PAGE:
There are many different home-related expenses you can deduct from your taxable income – which is awesome news for homeowners! Be sure to retain the information necessary for the recommended time frame to claim these tax deductions.
To help you out, we scoured the IRS website to gather the tax deductible and non-tax-deductible expenses you may want to consider when filing your tax return this year.
Which tax deductions can I claim related to the costs of purchasing a home?
According to the IRS, you may claim the following expenses on your tax return if you itemize your deductions:
- Home mortgage interest payments – (usually reported on Form 1098) on your primary residence, as well as on a secondary residence (there are limits, but relatively few taxpayers are affected)
- Property taxes – if you purchased your home this year, don’t forget to include any taxes you may have reimbursed the seller for (these are taxes the seller had already paid before you took ownership; you won’t get a 1098 report listing these taxes, but the amount will be shown on the settlement sheet)
- Real estate taxes
- Mortgage points – points you paid (or those you negotiated for the seller to pay for you) when you purchased your home; each point is equal to one percentage of the loan amount
Which home-related expenses can I deduct if I sold my home this year?
The following expenses (that cannot be deducted until you sell your home) may potentially lower your tax obligation, per the IRS, if you sold your home this year:
- Replacing the roof
- Installing central air conditioning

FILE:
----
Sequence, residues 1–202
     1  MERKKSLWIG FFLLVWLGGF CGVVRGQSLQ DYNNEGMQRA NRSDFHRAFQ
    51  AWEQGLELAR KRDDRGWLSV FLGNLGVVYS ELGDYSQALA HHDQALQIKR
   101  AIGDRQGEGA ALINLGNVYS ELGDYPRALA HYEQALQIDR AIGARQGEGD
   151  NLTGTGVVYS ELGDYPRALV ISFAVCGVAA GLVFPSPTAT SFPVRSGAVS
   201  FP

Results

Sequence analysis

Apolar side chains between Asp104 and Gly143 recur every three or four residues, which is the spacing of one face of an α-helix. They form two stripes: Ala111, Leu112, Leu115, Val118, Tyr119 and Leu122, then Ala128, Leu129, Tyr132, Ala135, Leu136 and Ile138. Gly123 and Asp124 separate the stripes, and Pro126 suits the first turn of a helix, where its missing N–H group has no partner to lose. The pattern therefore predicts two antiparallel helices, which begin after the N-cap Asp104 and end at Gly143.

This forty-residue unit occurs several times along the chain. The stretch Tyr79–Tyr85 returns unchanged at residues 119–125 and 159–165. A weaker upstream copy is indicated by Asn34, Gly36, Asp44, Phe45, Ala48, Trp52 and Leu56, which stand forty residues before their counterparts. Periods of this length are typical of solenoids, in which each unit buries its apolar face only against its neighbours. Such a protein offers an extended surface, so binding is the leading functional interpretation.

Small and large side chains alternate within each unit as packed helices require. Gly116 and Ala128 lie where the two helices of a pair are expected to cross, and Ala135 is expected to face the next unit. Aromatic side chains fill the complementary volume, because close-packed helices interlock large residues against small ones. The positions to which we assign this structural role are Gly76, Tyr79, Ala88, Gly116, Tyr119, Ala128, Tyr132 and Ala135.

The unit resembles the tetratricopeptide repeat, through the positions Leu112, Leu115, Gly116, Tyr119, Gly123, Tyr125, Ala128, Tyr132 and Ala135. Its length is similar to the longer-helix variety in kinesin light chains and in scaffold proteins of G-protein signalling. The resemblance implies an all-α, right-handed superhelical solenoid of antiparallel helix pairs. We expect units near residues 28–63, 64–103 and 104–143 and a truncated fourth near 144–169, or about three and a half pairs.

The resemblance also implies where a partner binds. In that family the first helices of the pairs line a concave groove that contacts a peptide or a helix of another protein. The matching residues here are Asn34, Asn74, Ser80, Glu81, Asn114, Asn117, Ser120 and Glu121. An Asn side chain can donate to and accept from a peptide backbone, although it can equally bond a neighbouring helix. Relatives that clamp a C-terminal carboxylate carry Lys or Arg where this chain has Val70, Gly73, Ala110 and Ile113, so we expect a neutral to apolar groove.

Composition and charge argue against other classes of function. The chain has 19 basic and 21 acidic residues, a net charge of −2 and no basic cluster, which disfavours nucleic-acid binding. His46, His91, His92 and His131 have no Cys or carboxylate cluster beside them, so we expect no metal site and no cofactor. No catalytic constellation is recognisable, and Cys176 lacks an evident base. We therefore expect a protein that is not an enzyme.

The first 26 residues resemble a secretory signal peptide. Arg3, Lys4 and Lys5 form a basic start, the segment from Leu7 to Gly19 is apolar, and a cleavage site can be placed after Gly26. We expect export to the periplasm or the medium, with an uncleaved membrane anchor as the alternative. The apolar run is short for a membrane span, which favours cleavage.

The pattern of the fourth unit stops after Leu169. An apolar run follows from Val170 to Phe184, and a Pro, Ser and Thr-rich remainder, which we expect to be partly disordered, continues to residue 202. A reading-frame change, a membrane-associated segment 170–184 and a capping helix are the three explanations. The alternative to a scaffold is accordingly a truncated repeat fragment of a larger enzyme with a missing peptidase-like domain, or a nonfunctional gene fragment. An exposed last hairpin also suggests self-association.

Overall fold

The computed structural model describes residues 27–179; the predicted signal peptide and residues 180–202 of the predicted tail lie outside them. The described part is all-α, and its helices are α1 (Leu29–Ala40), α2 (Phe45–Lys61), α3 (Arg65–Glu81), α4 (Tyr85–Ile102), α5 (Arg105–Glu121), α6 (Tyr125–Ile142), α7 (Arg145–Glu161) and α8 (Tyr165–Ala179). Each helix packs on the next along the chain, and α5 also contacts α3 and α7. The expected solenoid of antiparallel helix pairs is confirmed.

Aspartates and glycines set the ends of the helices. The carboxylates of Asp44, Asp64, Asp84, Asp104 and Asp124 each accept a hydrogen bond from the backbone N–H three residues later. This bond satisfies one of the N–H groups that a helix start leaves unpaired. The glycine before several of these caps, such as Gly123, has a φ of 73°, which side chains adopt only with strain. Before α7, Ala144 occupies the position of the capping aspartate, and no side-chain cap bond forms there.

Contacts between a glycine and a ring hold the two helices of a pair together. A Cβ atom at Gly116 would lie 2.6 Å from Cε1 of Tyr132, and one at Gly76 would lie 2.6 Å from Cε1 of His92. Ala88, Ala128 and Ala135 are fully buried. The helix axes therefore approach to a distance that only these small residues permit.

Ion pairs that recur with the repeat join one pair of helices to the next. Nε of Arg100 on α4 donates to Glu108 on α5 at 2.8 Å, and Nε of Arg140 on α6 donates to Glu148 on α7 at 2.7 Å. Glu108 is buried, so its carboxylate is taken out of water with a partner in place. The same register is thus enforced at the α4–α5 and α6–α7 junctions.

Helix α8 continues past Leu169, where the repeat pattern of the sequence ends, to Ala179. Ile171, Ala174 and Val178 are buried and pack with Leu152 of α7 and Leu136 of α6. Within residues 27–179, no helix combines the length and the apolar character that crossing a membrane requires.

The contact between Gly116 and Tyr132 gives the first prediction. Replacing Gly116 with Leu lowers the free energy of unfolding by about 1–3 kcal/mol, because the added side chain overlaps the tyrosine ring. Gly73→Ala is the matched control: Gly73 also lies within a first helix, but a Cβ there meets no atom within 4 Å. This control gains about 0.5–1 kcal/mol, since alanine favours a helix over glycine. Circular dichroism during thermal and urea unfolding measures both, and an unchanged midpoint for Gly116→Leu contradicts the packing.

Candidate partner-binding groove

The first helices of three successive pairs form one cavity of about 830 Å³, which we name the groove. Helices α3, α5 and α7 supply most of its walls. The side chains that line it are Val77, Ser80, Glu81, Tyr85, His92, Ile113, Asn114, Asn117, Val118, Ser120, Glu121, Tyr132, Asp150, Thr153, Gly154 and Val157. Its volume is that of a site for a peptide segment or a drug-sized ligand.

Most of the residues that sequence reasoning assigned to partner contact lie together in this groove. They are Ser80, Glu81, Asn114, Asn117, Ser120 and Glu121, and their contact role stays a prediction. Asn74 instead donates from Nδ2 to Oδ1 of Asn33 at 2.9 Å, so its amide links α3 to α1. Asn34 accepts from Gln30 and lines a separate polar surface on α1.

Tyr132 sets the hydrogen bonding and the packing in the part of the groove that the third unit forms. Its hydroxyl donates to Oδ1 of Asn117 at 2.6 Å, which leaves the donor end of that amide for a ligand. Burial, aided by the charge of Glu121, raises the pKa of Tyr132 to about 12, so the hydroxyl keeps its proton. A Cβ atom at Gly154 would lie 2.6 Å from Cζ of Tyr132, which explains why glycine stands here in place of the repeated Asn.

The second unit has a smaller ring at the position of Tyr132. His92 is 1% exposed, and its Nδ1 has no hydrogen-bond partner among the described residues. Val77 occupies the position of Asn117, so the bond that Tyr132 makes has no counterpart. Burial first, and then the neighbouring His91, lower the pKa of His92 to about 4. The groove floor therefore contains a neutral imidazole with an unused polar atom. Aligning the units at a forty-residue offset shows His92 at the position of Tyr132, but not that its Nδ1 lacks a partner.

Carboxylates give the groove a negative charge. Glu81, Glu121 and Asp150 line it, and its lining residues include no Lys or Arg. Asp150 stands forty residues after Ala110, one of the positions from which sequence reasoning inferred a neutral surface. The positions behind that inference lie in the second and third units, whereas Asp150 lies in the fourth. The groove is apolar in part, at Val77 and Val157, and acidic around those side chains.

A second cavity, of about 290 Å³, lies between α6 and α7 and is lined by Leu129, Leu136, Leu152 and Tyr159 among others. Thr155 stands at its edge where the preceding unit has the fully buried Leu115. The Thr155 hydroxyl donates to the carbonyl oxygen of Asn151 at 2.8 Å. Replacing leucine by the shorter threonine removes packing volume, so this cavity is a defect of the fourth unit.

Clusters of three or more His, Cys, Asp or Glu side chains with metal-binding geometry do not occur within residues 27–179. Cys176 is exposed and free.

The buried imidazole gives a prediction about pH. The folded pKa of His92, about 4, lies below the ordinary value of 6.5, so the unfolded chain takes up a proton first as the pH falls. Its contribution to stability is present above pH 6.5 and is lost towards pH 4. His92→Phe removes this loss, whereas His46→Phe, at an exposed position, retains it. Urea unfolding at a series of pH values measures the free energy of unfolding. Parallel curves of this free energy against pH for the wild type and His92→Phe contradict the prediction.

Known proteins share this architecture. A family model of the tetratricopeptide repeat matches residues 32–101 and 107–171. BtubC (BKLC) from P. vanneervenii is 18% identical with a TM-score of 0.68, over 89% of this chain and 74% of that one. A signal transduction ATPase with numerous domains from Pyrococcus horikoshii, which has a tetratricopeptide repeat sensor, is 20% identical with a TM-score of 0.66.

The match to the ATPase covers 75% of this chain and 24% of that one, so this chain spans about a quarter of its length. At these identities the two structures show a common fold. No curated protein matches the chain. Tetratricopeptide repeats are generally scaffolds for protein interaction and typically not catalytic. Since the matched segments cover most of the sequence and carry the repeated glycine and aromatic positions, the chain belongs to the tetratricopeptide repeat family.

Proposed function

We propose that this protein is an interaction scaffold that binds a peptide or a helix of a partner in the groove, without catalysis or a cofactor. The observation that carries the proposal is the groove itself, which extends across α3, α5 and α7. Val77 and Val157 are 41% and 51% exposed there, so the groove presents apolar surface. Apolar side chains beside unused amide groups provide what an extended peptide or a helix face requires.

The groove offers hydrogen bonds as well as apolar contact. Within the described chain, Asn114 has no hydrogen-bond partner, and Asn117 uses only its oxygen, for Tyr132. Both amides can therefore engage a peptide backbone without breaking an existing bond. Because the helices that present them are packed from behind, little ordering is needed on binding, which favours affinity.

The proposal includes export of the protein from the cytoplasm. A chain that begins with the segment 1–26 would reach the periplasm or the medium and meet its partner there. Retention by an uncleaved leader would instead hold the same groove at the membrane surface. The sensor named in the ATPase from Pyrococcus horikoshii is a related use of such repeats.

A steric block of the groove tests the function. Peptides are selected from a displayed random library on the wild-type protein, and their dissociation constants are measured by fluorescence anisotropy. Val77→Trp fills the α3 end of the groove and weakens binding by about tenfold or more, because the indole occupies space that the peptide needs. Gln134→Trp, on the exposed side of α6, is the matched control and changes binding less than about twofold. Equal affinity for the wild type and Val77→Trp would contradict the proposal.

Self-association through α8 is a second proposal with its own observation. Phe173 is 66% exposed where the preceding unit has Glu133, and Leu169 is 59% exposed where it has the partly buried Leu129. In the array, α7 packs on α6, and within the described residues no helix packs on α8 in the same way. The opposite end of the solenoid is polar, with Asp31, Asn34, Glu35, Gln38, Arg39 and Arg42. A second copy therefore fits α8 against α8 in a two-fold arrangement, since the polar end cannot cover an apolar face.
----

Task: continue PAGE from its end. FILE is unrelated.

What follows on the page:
- Adding an extension (like a sunroom)
- Adding a swimming pool
- Making certain energy-saving home improvements
- Moving expenses – if you sold your house in conjunction with moving for a new job, your moving expenses may be deductible; there are some rules to this deduction (e.g., your new home must be at least 50 miles closer to your new job than your old home was), so be sure to consult your tax advisor
Home tax expenses are not limited to big-ticket items, though. Adding an extra water heater counts, as does adding storm windows, an intercom, or a home security system.
All records should be kept for future use, since any home improvement costs can add up over the years.
What are additional deductible home expenses and home tax deductions?
You may be able to claim tax deductions for the following expenses:
- Refinancing a home
- Accidental loss
- Home office
- Ongoing tax breaks
- Home improvements required for medical care
Which home-related expenses cannot be deducted?
The IRS says the following expenses cannot be claimed as tax deductions:
- Fire, flood, or homeowner insurance payments
- Appraisal fees for your home
- Amounts paid to reduce your mortgage principal
- General cost of home improvement and maintenance expenses, except in the relatively rare case where there is a qualified medical expense
- Mortgage insurance premium payments
- Dues to a homeowner’s association
Of course, every situation is unique. To learn which deductions apply to you, be sure to consult a qualified tax advisor. This list should give you a start, and hopefully put you on the right path to discovering all the deductions you may be eligible to claim as a homeowner.
Not providing legal advice. Consult a tax adviser for more information.